Las Vegas gun shops are looking for guidance after Nevada voters approved a ballot question extending firearm background check requirements.
Question 1 passed on Election Day by a narrow margin — much more narrow than polls predicted — cementing background check requirements for private-party sales and transfers into state law.
The new background checks law takes effect Jan. 1, but some gun store owners said they aren’t sure what to do then.
Bob Irwin, owner of the Gun Store on East Tropicana Avenue, was under the impression that the law still had to go through the Legislature before it would take effect.
He said he wasn’t sure how it would work with in-store purchases going through a state-run background check system and private sales and transfers going through the FBI system. And he said he hasn’t received any guidance.
At this point, he said, his shop is going to refuse to do the new background checks.
“We’re just going to tell them no,” he said. “We’re not going to do it until I get clarification.”
David Famiglietti is the owner of the New Frontier Armory on East Centennial Parkway and sits on the board of directors of the Nevada Firearms Coalition, the state’s National Rifle Association affiliate. He said he has also heard from a lot of gun shops that are unsure about the law.
The coalition is reaching out to the state attorney general’s office to try to get some answers.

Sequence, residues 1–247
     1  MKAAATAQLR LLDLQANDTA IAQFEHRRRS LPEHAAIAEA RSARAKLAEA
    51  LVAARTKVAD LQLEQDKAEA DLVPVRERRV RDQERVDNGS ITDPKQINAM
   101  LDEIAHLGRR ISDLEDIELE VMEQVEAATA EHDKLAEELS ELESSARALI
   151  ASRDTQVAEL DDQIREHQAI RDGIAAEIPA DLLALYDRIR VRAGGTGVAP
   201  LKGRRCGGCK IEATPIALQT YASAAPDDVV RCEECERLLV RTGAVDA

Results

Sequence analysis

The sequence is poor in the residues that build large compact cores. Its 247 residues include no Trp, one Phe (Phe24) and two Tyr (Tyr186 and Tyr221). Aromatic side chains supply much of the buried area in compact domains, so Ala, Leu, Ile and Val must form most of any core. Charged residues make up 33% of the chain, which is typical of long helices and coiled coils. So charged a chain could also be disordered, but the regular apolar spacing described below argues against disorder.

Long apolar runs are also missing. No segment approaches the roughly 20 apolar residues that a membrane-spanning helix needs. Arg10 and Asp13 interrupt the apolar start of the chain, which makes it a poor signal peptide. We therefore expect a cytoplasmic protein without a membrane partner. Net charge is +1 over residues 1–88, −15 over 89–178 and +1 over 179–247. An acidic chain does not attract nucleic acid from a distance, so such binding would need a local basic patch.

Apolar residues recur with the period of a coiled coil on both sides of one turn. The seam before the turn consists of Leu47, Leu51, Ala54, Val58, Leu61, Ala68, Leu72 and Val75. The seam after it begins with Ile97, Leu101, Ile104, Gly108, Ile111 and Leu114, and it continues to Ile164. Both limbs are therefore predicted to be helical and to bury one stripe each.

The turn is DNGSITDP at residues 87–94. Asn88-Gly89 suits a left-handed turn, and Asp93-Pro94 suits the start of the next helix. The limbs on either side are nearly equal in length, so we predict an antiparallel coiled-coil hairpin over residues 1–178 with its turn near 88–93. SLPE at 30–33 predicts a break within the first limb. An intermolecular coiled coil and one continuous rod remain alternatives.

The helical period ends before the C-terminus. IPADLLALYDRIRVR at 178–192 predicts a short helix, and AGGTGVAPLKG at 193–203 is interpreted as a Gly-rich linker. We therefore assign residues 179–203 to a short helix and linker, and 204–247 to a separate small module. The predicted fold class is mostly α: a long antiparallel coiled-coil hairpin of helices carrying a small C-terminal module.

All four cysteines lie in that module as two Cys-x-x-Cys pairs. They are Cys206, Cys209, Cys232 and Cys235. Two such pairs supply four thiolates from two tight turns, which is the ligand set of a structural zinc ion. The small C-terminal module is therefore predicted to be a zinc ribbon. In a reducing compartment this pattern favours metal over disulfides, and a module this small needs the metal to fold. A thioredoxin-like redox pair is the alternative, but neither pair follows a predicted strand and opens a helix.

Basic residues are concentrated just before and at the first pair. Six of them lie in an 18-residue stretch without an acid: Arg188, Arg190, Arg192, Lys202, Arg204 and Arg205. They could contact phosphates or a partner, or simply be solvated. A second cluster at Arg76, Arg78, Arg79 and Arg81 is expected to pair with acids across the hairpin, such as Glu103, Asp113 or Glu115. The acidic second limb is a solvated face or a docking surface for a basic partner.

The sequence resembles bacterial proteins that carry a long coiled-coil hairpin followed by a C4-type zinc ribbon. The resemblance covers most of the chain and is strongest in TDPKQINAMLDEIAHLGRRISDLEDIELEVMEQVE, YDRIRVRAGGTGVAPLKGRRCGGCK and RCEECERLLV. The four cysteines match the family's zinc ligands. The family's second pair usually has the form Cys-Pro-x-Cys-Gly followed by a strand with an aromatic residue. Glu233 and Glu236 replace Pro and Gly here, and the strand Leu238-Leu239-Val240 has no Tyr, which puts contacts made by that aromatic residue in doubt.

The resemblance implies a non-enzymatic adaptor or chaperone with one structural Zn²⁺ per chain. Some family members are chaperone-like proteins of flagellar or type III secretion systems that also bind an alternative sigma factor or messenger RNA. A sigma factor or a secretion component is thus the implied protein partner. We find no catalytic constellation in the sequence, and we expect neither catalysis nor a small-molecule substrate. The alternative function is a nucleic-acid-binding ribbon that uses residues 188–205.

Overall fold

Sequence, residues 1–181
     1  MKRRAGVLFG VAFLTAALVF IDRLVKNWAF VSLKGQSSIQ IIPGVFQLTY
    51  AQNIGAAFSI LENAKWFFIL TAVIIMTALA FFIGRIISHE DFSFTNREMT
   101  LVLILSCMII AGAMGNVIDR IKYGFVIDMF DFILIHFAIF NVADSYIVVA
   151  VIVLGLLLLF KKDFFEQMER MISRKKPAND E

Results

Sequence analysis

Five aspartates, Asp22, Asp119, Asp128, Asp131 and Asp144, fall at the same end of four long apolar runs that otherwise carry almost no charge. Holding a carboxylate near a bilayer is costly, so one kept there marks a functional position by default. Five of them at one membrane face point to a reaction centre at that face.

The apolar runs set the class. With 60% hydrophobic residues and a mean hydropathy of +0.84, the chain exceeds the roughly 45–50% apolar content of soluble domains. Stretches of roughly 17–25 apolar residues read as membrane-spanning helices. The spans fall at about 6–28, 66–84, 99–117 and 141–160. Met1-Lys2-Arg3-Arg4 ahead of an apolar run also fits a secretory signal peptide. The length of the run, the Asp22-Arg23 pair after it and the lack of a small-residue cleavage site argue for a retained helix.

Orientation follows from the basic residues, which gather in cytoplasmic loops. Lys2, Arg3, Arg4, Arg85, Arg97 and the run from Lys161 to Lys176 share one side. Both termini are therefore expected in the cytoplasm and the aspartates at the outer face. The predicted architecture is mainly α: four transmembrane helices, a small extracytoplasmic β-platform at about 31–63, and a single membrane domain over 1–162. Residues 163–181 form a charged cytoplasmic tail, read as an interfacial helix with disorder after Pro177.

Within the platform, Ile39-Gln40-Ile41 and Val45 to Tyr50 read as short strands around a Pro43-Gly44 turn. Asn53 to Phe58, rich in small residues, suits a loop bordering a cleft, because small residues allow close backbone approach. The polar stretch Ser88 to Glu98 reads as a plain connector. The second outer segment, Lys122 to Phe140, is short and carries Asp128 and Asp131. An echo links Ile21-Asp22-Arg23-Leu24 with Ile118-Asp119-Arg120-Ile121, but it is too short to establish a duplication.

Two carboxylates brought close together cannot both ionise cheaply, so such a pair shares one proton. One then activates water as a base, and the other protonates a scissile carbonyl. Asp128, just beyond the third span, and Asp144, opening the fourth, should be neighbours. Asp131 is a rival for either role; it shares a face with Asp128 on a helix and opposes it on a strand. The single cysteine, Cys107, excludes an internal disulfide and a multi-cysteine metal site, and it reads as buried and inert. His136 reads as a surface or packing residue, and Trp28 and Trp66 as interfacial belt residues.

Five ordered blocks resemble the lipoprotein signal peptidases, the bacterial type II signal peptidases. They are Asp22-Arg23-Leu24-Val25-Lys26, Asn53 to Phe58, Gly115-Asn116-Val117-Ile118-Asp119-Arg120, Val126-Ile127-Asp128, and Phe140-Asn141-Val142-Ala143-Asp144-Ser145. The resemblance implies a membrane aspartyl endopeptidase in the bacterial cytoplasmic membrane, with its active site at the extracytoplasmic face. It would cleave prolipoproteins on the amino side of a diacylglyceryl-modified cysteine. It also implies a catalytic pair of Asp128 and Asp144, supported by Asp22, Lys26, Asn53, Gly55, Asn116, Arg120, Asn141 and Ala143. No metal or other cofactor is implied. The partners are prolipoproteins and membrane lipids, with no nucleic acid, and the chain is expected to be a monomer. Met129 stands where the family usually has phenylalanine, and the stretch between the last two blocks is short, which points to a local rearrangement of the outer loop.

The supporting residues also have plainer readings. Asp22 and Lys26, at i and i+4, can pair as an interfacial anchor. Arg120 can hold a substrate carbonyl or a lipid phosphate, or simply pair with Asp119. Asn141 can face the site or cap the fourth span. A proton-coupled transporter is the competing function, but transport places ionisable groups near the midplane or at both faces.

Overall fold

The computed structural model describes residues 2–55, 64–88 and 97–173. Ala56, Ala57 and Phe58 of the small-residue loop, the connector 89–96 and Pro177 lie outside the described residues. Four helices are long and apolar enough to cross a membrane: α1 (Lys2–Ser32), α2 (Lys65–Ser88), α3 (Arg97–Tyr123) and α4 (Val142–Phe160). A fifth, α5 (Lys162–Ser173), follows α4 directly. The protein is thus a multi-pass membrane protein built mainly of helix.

“We still haven’t received any guidance from anybody,” Famiglietti said. “There’s a bunch of people in charge (of the new law) on the government level, but no one is taking charge.”
Dealers need guidance as soon as possible, because setting up a shop to do checks on the federal system will take some time, he said.
Famiglietti and Irwin said parts of the new background check law conflict with federal regulations. Both men asked the same question: What happens when a background check on a private sale comes back as a denial?
The new state law reads as if it’s OK to just give the gun back to the private seller, the men said, but the new law requires them to book the firearm into their own inventory. And that means that federal law requires them to do a background check before they can give it back to the seller, Famiglietti said.
“I’m not going to lose my license,” he said. “I’m going to follow federal regulations over state law any day.”
Under the new background check law anyone who purchases a firearm outside of a brick-and-mortar store will have to pass an FBI background check done through a federal firearm licensee. That includes online sales, gun show purchases, and sales between friends.
There are more than 250 federally licensed gun dealers in the Las Vegas Valley, and about 90 percent of them are businesses, according to August numbers from the Bureau of Alcohol, Tobacco, Firearms and Explosives.
Nothing in the new law requires a licensed dealer to perform the new background checks. And the law doesn’t define the “reasonable fee” a dealer can charge.
Irwin said he has heard from some of his friends in the industry that they may charge as much as $100.
New Frontier Armory will perform the new background checks as a convenience for its customers for between $20 and $25, Famiglietti said.
Contact Wesley Juhl at email@example.com and 702-383-0391. Follow @WesJuhl on Twitter.